By Alireza Kiani*
Ilan Berman is senior vice president of the American Foreign Policy Council, a nonprofit Washington-based think tank, and is a leading expert on the Middle East and Iran. He has acted as a consultant to the State Department, the Defense Department, and the Central Intelligence Agency.
In September, he was appointed by President Donald Trump to the International Broadcasting Advisory Board of the U.S. Agency for Global Media (USAGM) — the U.S. government agency that oversees the U.S.’s official broadcasting networks, including Voice of America and its Persian-language service, VOA Persian.
The following is an interview with Berman about VOA Persian and its future.
The importance of VOA-Persian as a soft-power instrument in responding to the strategic challenge posed by Iran can hardly be overstated. Not so long ago, VOA-Persian enjoyed incredible standing among Iranians both at home and in the diaspora. What factors have contributed to the decline in its popularity?
There are many, and they include poor management and lackluster content. There is also a problem of what can be called “content confusion,” because programming currently encompasses a scattering of ultimately ineffective news, analysis and cultural content, while VOA’s market competitors have far more clear-cut and well-defined roles. The broadest problem, though, is a lack of vision. Reestablishing that will require U.S. officials to reassess the VOA “mission” vis-à-vis Iran, and then to reformulate programming to better match those objectives. That conversation starts with the answer to a simple question: what, precisely, are we trying to say to the Iranian people?
Can this decline be arrested from your perspective, and if so will it involve a protracted process or a short one? Do you anticipate the incoming U.S. administration to be committed to this turnaround?
I think the decline can indeed be arrested, but it will not happen overnight. By its nature, reforming and upgrading VOA Persian language outreach is a long-term endeavor, and one that is likely to stretch across multiple presidential administrations. Whether the [U.S. President Joe] Biden administration will be committed to this process remains to be seen. It’s certainly my hope that optimizing the way we communicate with the Iranian people becomes a bigger priority in Washington, and a more bipartisan one.
Many popular and well-known television personalities at VOA-Persian were sidelined under the previous management. Others who incurred the wrath of the management at the time were reassigned to tasks not suited for their professional backgrounds. Does this recent personnel change at the top mean they will be asked to return to their previous positions?
They may indeed be. A great deal depends on who is chosen to be the new head of VOA Persian, as well as what other reforms/changes are instituted. Personally, I believe that there were prior programs, like “Parasit” and “Ofogh,” that were tremendously impactful and should be brought back. Some current shows, like “Tablet” and “Chess,” are quite relevant as well and should be expanded. And new ones should be created that focus specifically on greater engagement with Iranian youth, who represent a crucial constituency.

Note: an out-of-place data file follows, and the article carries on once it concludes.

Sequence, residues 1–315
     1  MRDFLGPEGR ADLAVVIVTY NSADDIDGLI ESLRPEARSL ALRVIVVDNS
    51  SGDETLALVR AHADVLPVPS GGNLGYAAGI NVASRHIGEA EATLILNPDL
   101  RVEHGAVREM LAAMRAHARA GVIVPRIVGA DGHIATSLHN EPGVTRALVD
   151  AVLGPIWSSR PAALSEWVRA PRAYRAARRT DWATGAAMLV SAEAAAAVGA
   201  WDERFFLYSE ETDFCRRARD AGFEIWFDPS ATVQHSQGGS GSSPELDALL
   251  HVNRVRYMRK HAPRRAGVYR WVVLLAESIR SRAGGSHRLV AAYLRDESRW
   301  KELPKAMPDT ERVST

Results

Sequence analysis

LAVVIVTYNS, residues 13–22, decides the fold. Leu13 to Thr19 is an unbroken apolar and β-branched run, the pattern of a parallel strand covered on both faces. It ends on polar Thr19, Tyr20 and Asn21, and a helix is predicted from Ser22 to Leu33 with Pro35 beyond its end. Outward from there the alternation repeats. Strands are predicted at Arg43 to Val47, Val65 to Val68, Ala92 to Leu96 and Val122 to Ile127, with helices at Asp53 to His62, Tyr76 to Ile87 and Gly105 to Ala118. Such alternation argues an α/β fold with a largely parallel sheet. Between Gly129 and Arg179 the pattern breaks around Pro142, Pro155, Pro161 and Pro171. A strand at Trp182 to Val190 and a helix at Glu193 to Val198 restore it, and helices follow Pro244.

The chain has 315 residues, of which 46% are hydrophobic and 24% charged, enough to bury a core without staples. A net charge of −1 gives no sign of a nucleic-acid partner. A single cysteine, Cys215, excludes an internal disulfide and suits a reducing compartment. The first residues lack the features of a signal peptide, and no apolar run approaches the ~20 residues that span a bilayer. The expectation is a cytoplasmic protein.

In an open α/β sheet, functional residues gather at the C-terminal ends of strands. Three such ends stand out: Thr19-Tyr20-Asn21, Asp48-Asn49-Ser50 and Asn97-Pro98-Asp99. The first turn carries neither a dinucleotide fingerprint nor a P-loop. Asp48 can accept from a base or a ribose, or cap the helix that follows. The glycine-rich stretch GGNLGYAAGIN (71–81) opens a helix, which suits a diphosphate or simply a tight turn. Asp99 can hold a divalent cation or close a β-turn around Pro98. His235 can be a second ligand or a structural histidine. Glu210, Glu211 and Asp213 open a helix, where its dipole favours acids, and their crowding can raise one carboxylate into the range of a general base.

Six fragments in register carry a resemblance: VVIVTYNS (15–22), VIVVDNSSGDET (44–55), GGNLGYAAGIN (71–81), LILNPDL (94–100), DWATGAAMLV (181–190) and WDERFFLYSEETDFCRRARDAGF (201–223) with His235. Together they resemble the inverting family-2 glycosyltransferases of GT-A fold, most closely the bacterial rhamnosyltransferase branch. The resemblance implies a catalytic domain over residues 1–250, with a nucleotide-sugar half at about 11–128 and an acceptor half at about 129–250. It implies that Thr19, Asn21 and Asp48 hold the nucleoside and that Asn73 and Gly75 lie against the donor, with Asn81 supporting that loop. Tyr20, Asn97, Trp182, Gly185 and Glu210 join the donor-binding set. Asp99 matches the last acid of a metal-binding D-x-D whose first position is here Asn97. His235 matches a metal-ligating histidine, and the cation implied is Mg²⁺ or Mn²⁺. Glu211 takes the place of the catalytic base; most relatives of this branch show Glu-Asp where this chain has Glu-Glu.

If many of the challenges faced by VOA-Persian can be attributed to the previous management, how come it was never held accountable by USAGM?
There has definitely been a pattern of hands-off administration at VOA, historically. That atmosphere was perpetuated by the service’s previous director and by the old CEO of the BBG (now the USAGM). It created an environment in which deficiencies in management at VOA Persian weren’t taken seriously, or addressed properly. Thankfully, that has now begun to change.
Going forward, how do you propose for USAGM to accurately gauge the true level of VOA-Persian’s reach and popularity in and outside Iran? Will you set a benchmark for VOA-Persian programming in the future?
That first point is a crucial one. It has become commonplace for officials to claim that U.S. programming is influential in Iran, but there is in fact little evidence that is the case. Accurately gauging the true level of VOA’s popularity among Iranian audiences needs to be a top objective for U.S. decision-makers, because it is information that is necessary in order for us to determine whether broadcasting toward Iran is in fact a good investment, and one that needs to be continued.
Beyond that, the question of competition is key. VOA’s failure to win “hearts and minds” among Iranians has a great deal to do with poor production values, amateurish appearance and lackluster programming. These problems are particularly acute when VOA is compared to market competitors. If we want to seriously compete, we will need to upgrade the appearance, professionalism and content of existing VOA programs – and invest in exciting, engaging new ones.
(*Alireza Kiani is a member of Farashgard, a political action network advocating for a secular and democratic Iran. He contributed this piece to Kayhan Life.)